Something I didn’t notice as I was settling into my new home in one of the embassy staff houses in Karachi, Pakistan, was that no one assigned to the embassy had less than four stripes.
I didn’t notice it because we weren’t allowed to wear uniforms. The exception was the Marine security guards. They wore uniforms. I suppose they would have looked silly wearing a T-shirt, shorts, and sneakers, and packing a .45 automatic.
I soon discovered that the people I was going to work with were a wee bit different from those I was used to. During my orientation briefing at the embassy, I was rather pointedly told that we had been selected for “maturity and good judgment.” As I got acquainted I soon saw what that briefer was talking about.
The officers, right to a man, were so conservative they looked and acted like characters out of some 1918 war movie. And as far as I ever found out, every one of them was a colonel.
The NCOs weren’t much different. They put me through a tough screening process before they approved me for embassy duty, and obviously everyone else had gone through one too. We all had top secret clearances, which they don’t give out in cereal boxes, and I quickly learned that it was taboo to talk about your job, or to ask one of the guys where he had disappeared to for a day or two.
Such things were, I was informed, “Neither here nor there.”
I began to wonder if I should have bought a cloak and dagger to go with the six hand-tailored raw silk suits the Air Force had kindly supplied me with to help relieve my uniform anxiety.
A big part of my job was to get palettes of cardboard boxes with their labels painted out unloaded from aircraft coming in from Saudi Arabia, and immediately reloaded onto other aircraft headed for Peshawar up north in Pakistan.
“Do it,” I was told, “as quickly and quietly as possible. And do nothing to arouse the curiosity of Pakistani Customs.”
I can’t tell you what was in the boxes, but the story was that it was for aircraft which, (a) did not exist, (b) did not fly out of northern Pakistan, (c) did not overfly the Soviet Union, and (d) definitely took no pictures with the stuff in the boxes.
I believed that. Do U believe it 2? ;-)
Anyway, that was one tight-lipped, very well-aged, and serious-minded bunch of NCOs.
Then one day matters went a bit awry.
One fine Sunday afternoon, I met the Embassy Run aircraft at Mauripur Airbase. Having greeted the incoming passengers, I led them to our little passenger lounge — a renovated fire station of all things — to await transportation to points unknown.
Among the passengers I noticed a young man who in earlier centuries would have been described as a “beardless youth.” I figured he was on his way to our semi-secret Security Service base up north in Peshawar, where we had a large array of electronic listening devices tuned in to the Chinese and Russians.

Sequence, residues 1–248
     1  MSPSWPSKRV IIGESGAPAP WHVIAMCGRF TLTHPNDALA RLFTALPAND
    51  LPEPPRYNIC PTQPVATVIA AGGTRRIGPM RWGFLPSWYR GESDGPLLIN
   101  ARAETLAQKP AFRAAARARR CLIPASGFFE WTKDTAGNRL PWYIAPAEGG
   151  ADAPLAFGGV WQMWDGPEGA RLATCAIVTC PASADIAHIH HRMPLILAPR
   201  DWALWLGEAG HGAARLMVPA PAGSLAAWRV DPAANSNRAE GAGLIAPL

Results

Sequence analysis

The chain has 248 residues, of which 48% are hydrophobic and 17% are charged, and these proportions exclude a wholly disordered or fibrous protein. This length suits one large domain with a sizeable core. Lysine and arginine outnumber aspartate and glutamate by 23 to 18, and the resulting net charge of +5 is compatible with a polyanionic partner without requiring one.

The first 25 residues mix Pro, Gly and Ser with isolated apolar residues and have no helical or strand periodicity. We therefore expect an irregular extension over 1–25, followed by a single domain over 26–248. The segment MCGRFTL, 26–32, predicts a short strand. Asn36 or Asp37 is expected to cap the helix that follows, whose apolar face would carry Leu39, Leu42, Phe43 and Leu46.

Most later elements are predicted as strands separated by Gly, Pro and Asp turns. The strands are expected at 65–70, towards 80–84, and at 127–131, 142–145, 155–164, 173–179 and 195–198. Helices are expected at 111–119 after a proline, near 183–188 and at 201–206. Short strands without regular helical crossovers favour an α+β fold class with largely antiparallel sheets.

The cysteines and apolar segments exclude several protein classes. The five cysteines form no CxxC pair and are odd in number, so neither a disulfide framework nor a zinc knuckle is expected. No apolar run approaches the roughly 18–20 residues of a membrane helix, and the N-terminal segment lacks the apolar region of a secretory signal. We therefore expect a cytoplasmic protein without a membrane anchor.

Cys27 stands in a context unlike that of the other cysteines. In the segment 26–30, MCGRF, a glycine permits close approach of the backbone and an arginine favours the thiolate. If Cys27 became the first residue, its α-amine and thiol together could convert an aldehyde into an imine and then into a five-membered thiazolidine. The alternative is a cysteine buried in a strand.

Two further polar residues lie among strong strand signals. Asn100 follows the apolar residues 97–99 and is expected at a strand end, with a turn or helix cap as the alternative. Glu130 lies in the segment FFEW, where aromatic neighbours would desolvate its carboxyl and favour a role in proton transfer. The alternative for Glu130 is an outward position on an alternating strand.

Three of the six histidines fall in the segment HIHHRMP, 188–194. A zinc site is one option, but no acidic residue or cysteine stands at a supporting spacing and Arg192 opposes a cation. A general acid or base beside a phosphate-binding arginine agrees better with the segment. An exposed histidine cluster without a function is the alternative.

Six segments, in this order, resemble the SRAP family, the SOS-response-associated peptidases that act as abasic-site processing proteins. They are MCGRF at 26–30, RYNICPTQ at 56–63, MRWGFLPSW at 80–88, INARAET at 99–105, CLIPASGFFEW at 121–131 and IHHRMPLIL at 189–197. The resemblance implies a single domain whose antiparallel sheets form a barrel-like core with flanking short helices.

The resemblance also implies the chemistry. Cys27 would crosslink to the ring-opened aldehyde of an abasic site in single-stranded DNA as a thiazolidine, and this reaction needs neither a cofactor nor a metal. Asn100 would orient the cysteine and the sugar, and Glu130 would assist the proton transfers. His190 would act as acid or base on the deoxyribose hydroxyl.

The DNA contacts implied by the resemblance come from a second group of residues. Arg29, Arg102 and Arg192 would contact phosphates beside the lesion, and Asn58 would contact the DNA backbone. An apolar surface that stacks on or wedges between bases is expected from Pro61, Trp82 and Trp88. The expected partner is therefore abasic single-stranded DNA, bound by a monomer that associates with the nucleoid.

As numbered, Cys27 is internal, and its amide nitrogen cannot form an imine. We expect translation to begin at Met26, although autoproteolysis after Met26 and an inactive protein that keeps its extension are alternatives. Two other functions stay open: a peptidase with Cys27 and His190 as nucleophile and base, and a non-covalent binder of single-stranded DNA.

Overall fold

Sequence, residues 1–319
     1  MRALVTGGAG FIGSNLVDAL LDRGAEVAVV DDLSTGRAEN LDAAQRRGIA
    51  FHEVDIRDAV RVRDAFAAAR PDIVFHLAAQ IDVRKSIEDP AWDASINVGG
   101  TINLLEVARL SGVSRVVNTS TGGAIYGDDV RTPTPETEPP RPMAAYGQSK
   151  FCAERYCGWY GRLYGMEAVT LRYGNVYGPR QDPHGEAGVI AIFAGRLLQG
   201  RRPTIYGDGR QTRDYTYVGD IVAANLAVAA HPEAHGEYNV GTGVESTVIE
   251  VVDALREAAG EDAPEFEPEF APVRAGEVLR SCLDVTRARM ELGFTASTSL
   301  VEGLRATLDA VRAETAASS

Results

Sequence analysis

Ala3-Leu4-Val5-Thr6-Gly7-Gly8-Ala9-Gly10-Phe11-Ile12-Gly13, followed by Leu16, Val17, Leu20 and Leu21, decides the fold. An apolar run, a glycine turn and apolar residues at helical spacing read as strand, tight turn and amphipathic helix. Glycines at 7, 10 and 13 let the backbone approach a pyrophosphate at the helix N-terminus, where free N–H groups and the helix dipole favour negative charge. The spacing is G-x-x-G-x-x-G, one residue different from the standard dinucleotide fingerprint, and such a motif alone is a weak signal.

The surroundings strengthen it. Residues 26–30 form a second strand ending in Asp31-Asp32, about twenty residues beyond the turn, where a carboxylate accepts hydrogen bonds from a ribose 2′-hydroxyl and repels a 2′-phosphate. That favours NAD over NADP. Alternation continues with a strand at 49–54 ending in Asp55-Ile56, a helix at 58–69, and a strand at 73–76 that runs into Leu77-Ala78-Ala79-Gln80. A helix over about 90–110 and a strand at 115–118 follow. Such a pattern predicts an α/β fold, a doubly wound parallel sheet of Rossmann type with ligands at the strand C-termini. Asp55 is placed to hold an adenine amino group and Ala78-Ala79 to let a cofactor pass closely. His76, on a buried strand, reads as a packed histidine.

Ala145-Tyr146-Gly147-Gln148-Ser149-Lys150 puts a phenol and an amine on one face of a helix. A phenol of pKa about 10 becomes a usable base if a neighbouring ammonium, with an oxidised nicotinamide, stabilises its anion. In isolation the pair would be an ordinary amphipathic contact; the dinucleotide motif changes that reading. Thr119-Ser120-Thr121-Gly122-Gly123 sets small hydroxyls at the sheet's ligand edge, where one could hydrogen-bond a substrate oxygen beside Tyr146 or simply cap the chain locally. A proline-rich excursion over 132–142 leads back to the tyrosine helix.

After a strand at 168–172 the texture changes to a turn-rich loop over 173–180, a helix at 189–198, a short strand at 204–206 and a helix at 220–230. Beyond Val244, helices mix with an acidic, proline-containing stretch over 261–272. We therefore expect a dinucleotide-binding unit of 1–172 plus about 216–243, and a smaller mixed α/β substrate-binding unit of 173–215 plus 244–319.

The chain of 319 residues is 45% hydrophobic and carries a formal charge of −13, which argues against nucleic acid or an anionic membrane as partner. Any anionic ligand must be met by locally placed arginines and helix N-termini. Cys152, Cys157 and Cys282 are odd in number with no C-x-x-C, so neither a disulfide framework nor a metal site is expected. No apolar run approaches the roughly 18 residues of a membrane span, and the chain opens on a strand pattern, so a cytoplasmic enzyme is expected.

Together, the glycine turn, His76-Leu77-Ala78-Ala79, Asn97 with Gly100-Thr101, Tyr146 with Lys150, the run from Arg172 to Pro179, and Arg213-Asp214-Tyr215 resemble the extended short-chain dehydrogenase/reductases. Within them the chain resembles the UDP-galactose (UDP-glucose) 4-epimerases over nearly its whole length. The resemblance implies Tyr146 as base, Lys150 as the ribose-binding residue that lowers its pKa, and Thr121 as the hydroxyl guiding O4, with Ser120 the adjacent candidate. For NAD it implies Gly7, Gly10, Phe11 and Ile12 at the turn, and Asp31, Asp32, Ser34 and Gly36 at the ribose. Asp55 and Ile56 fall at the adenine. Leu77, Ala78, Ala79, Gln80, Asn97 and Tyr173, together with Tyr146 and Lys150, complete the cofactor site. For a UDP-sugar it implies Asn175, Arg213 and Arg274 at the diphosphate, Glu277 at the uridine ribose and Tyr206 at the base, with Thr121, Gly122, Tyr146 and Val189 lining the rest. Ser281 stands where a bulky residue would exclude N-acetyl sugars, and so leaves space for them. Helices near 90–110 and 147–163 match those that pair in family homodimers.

“You can wait right here in the passenger lounge,” I told him. “Someone will come and pick you up and get you on the next supply plane headed for Peshawar.”
“I’m not going to Peshawar,” he told me. “I’m assigned to the embassy mail room.”
It was a comment that was to be repeated a large number of times over the next few days as people met our teenage warrior.
To make a long story short, somebody back in the states had screwed up and sent us an Army corporal. And despite the best efforts of the Army attache and the ambassador, the Army decided to let him stay where he was.
As it happened, he was assigned to the same staff house where I was living, and I got to watch Mike Flanagan, our house mother, an Air Force master sergeant, do a double take when he first saw him. Mike promptly dubbed him Chota Sahib — Little Sahib — laid down the law to him, and winked at the rest of us, looking supremely confident that the kid would take one look around at his elders and decide he had better watch his p’s and q’s.
What fools these mortals be.
I won’t go into detail about the string of dumb stunts that Chota Sahib pulled over the next couple of years. There isn’t enough space in this edition of the Roundup to hold them all.
I’ll just mention two things.
The first one was minor. All Chota Sahib did was knock out our power for a couple of hours and almost electrocute himself. He managed that by hanging a towel over the 220 volt water heater mounted on the wall over his bathtub, getting into said bathtub, slipping, grabbing said towel, and pulling said electrical device into the water with him.
I saw him about an hour after he pulled that one. His eyes were still the size of sewer covers. And he couldn’t blink.
Then came something I wish I could have seen. Chota Sahib did the craziest thing I have ever known a GI to do, bar none.
He was driving the mail truck, a big old Army six-by-six. He spotted the Russian ambassador in his limousine and decided to ram him. And he did it! Big time!
The reason he gave for doing it?
“He’s the enemy, isn’t he?”
In accordance with sacred State Department tradition, the incident was quietly hushed up, though I will say the Russians had a lot to say about it — and for quite a while too.
My! My! Were they ever hostile. Their staff house was right across the street from ours. I was worried about snipers.
What happened to Chota Sahib as a result of his sudden surge of teenage patriotism?
They took away his driver’s license. When you’re sweeping things under the rug, you see, you have to make the punishment mild for fear the punishee may blow the whistle on you.
Anyway, as Confucius say, “Not send boy to do man’s job.”
Confucius one smart man!